In the place of specific neighborhood Design Review Guidelines for Irvington, the City of Portland adopted Chapter 33.846 HISTORIC REVIEWS which states under 33.846.060.E.1.b:
“Historic Districts without district-specific guidelines. Where there are no guidelines that are specific to the Historic District, the criteria in Section 33.846.060.G are the approval criteria”
[The delineated criteria in the code are those of the national standard of the U.S. Secretary of the Interior and apply to all listed individual properties and Historic Districts. It is not clear how new construction is to be reviewed.]
G. Other approval criteria. Requests for historic design review will be approved if the review body finds that the applicant has shown that all of the applicable approval criteria are:
1. Historic character. The historic character of the property will be retained and preserved. Removal of Historic materials or alteration of features and spaces that contribute to the property’s historic significance will be avoided.
2. Record of its time. The historic resource will remain a physical record of its time, place, and use. Changes that create a false sense of historic development, such as adding conjectural features or architectural elements from other buildings will be avoide3d.
3. Historic changes. Most properties change over time. These changes that have acquired historic significance will be preserved;
4. Historic features. Generally, deteriorated historic features will be repaired rather than replaced. Where the severity of deterioration requires replacement, the new feature will match the old in design, color, texture, and other visual qualities and, where practical, in materials. Replacement of missing features must be substantiated by documentary, physical, or pictorial evidence;
5. Historic materials. Historic materials will be protected. Chemical or physical treatments, such as sandblasting, that cause damage to historic materials will not be used;
6. Archaeological resources. Significant archaeological resources affected by a proposal will be protected and preserved to the extent practical. When such resources are disturbed, mitigation measures will be undertaken.
7. Differentiate new from old. New additions, exterior alterations, or related new construction will not destroy historical materials that characterize a property. New work will be differentiated from the old.
8. Architectural compatibility. New additions, exterior alterations, or related new construction will be compatible with the resource’s massing, size, scale and architectural features. When retrofitting or sites to improve accessibility for persons with disabilities, design solutions will not compromise the architectural integrity of the historic resource.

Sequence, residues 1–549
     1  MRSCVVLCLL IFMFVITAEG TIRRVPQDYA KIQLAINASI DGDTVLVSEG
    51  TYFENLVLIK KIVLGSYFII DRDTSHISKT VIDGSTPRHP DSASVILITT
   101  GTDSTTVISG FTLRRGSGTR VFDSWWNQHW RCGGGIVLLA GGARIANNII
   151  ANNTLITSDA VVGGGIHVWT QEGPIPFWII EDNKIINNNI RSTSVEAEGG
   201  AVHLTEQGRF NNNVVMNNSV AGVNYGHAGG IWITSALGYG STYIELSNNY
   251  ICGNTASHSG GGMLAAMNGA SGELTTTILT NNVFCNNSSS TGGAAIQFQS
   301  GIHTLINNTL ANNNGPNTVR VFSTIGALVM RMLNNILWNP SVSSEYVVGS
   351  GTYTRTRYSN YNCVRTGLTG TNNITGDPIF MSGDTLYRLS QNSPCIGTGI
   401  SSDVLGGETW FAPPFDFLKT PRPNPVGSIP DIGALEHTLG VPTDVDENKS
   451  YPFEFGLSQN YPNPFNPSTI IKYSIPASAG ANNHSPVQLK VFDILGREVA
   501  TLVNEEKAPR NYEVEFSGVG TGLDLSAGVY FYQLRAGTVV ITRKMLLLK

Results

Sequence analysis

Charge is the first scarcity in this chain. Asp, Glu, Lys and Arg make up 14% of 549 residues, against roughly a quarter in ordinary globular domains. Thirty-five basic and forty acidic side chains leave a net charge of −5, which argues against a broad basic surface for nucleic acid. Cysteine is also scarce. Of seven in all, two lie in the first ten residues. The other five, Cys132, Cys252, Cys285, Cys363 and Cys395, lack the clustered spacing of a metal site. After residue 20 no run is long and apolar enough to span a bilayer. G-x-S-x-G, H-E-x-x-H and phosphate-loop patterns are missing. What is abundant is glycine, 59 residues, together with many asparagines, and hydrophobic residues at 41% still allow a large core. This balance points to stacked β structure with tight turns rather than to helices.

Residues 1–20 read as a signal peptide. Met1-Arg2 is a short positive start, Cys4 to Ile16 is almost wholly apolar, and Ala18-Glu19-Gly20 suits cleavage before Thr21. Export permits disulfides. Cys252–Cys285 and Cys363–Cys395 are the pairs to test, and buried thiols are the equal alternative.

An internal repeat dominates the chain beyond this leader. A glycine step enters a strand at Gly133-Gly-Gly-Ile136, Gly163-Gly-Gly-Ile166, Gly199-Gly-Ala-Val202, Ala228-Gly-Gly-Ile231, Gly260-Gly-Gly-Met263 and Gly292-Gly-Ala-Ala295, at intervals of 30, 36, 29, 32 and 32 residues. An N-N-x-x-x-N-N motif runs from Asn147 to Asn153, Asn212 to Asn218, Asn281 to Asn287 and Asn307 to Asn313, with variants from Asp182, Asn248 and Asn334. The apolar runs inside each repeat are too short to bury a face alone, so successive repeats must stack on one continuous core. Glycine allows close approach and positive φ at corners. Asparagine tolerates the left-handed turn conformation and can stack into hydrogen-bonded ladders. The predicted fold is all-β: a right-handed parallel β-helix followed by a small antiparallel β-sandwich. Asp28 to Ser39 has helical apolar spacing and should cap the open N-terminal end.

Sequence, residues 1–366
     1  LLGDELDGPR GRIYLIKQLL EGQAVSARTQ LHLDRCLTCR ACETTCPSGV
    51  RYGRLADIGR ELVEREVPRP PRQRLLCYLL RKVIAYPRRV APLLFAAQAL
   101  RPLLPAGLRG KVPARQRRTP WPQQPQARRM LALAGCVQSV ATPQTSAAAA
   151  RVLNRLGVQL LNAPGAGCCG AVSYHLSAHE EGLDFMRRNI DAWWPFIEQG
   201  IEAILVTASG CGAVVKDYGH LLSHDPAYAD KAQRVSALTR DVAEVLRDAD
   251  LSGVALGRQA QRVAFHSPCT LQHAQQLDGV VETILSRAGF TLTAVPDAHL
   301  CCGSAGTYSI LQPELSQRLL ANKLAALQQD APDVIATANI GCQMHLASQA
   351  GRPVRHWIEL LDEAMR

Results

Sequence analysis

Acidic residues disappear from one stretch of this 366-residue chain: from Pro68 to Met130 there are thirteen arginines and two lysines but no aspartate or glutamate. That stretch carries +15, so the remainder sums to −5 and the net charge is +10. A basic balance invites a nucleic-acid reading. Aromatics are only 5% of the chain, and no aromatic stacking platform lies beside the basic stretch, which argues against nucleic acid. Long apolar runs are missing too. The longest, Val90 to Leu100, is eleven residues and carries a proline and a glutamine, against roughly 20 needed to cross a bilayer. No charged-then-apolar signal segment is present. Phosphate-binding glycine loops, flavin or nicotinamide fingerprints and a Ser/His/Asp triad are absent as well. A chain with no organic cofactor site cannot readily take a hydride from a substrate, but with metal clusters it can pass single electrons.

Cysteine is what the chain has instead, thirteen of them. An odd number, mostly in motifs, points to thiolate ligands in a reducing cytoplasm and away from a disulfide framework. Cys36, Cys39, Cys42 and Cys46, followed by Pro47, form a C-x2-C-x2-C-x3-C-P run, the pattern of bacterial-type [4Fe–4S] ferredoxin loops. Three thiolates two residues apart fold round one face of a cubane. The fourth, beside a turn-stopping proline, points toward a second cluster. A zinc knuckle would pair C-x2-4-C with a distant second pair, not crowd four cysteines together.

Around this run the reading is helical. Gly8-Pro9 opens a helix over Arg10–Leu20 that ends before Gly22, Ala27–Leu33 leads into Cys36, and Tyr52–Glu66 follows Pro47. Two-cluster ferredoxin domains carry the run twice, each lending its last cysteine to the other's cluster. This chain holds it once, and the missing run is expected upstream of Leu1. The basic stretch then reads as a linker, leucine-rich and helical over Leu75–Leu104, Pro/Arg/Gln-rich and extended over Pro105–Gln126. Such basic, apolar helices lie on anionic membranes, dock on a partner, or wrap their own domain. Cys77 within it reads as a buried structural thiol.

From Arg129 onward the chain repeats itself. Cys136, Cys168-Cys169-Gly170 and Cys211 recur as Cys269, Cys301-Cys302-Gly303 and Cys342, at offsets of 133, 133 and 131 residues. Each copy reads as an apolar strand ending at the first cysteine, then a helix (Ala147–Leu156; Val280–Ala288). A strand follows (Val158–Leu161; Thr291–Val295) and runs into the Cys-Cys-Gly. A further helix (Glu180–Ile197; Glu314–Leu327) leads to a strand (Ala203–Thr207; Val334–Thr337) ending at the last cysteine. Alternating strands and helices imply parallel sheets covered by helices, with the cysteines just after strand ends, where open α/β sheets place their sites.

9. Preserve the form and integrity of historic resources. New additions and adjacent or related new construction will be undertaken in such a manner that if removed in the future, the essential form and integrity of the historic resource and its environment would be unimpaired; and
10. Hierarchy of compatibility. Exterior alterations and additions will be designed to be compatible primarily with the original resource, secondarily with adjacent properties, and, finally, if located within a Historic or Conservation District, with the rest of the district. Where practical, compatibility will be pursued on all three levels.
Modifications Considered During Historic Design Review The approval criteria for modifications considered during historic design review are:
A. Better meets historic design review approval criteria. The resulting development will better meet the approval criteria for historic design review than would a design that meets the standard being modified; and
B. Purpose of the standard.
1. The resulting development will meet the purpose of the standard being modified; or
2. The preservation of the character of the historic resource is more important than meeting the purpose of the standard for which a modification has been requested.
33.846.080 Demolition Review
A. Purpose. Demolition review protects resources that have been…identified as contributing to the historic significance of a Historic District…. Demolition review recognizes that historic resources are irreplaceable assets that preserve our heritage, beautify the city, enhance civic identity, and promote economic vitality.
A. Review procedure. Demolition reviews are processed through a Type IV procedure.
B. Approval criteria. Proposals to demolish a historic resource will be approved if the review body finds that one of the following approval criteria is met.
1. Denial of a demolition permit would effectively deprive the owner of all reasonable economic use of the site; or
2. Demolition of the resource has been evaluated against and, on balance, has been found supportive of the goals and policies of the Comprehensive Plan, and any relevant area plans. The evaluation may consider factors such as: